Just under one week before his face-off with Republican candidate Tommy Tuberville in Alabama's U.S. Senate election, Sen. Doug Jones visited Auburn University on Wednesday night for an open candidate forum. The Auburn University College Democrats and College Republicans co-hosted the event with an invitation also extended to Tuberville, who was a no-show because of a prior commitment.
In his opening statement to audience of mostly Auburn students, Jones expressed dismay at the fact his opposition turned down the invitation.
"I am disappointed that Tommy Tuberville is not here because I think it's important – I've always believed it was important – that people see candidates together side-by side answering the same questions, talking about the same issues, not in just 30-second soundbites or 1-minute soundbites that you hear on television," Jones said.
Jones began by declaring he has passed 22 bipartisan bills in his Senate term signed by President Donald Trump, which he said honored his pledge made in his 2017 campaign that he would "reach across the aisle to work with everybody."
"I've been an advocate for a strong military sitting on the Armed Services Committee [and] an advocate for farmers," Jones recalled of some of his work. "We got a heck of a lot done for the farmers in the state of Alabama. Even though I'm not on the agricultural committee, I've gotten so much down for the farming community more than any senator has done since [Sen.] Howell Heflin was on the ag committee."
Of the legislation he said he was most proud of passing, Jones named the Military Widow's Tax Elimination Act of 2019 which he cosponsored with Republican Sen. Susan Collins of Maine. The act saw the repeal of a tax in place nationwide over 30 years levied on widows of military spouses who had died of a service-related injury. Within Alabama, about 2,000 people were affected by the tax, according to Jones.
"Widows ... had two pots of money – one that the [Department of Veterans Affairs] administered and another pot that they paid for out of their own pocket, extra insurance," Jones said. "It doesn't sound like an awful lot, but for 30 years what happened is that the Department of Defense and the VA offset each other. So, they were not getting what they paid for, [and] they were not getting what they were due. They were only getting about 55 cents on the dollar."
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Jones said the widows were promised by politicians they were there to help, but each year they instead voted in favor of money. With 75 bipartisan cosponsors, Jones said he and other senators were able to see the act become priority for a number of veterans' organizations.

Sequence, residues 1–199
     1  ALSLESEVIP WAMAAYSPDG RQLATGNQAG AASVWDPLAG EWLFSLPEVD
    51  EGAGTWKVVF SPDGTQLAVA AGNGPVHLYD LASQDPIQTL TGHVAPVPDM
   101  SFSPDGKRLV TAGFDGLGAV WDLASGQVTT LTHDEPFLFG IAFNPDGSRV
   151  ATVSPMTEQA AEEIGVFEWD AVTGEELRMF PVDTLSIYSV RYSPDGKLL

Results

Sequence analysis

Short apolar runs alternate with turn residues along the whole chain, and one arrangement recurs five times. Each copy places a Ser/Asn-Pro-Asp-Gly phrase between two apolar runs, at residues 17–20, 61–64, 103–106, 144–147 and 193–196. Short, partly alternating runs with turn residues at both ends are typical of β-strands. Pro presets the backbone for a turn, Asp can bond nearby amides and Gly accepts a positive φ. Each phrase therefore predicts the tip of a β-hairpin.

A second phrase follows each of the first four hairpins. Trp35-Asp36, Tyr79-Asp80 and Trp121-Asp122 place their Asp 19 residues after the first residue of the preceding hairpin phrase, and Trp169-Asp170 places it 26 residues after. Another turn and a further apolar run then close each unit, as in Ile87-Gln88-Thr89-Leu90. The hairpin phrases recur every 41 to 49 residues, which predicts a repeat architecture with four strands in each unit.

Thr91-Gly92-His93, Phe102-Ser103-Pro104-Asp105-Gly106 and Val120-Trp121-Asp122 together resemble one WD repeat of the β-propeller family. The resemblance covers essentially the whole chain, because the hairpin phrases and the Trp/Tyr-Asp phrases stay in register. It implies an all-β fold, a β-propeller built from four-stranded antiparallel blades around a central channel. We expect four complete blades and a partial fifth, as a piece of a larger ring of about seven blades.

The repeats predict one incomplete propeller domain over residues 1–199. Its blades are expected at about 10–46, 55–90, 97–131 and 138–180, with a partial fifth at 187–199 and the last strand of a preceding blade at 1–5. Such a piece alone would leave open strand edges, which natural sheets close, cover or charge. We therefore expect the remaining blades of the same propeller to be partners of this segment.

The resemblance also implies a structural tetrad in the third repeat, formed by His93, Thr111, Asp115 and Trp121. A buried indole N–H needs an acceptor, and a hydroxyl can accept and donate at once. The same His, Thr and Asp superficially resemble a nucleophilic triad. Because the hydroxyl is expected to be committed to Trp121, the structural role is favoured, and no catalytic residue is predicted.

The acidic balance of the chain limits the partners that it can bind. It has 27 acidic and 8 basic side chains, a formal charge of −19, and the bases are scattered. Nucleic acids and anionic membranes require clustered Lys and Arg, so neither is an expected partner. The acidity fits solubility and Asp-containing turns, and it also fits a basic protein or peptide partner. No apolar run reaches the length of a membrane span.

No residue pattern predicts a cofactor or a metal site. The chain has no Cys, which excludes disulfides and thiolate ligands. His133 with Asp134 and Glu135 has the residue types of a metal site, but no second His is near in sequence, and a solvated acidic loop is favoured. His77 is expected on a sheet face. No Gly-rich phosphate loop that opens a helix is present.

"For those military families, for those widows who were denied $1,200 a month, it meant so much," he said. "The day that passed I had 30 of those widows sitting in the balcony. It was an emotional day, it was an incredible day, and it just reinforced to me what you can do ... when you reach across the aisle and work together."
Responding to a student question, Jones said he thinks his "biggest mistake" since taking office as senator was voting for William Barr to become the 85th U.S. Attorney General. Jones said Barr's previous term as 77th U.S. Attorney General influenced his vote.
"I thought he would be an independent voice," Jones said. "I thought he would restore the professionalism. If I could go back, I'd probably do different. I don't think he's been that independent voice."
However, Jones said he respected 84th U.S. Attorney General and former Alabama Sen. Jeff Sessions for recusing himself from the Trump administration in 2018.
"I felt sorry for Jeff Sessions because I've known Jeff for a long time, and I think he took a lot of hits that he shouldn't have," Jones said. "I disagreed with him on a lot of policy issues, but I don't believe that he deserved the treatment that he got from the president."
Another question asked Jones if he would support abolishing the Senate tactic of filibustering, to which he responded with an immediate "no." For Jones, he said this line of thinking comes from respect he has for the institution of the U.S. Senate.
"We have seen the institution of the U.S. Senate just go down and down and down in terms of its credibility because of [these] very kinds of things," he said. "It started mainly with judges – Democrats started it when they started breaking the filibuster rule [and] Mitch McConnell took it to a new level."
Jones said he doesn't expect former Vice President Joe Biden, if elected as president, to begin his term with interest in abolishing the rule either as he said Biden has a history of bipartisanship.
One question Jones was asked brought up a campaign pledge Biden has made to further environmentally-friendly agriculture practices that create zero emissions. The student sought to know how Jones might support Alabama farmers in the "possibly expensive" initiative. Jones replied saying he would back regulations in such an initiave that provided farmers with room to make adjustments.
"The [U.S. Department of Agriculture] is helping the big farmers and not the Alabama farmers; the tariff wars hurt the Alabama farmers," he said. "Alabama farmers don't want handouts like they've been getting. They don't want to see the government propping them up like they've had to do over the last three years. I think we've got to have the assistance of protections I put in there for them, and I think that there will be protections in environmental regulations that are unique to farmers."
Jones said both him and Alabama farmers believe in the science of the environment. It is in farmers' best interest to take action supporting climate to ensure they have a continued agricultural future, he said.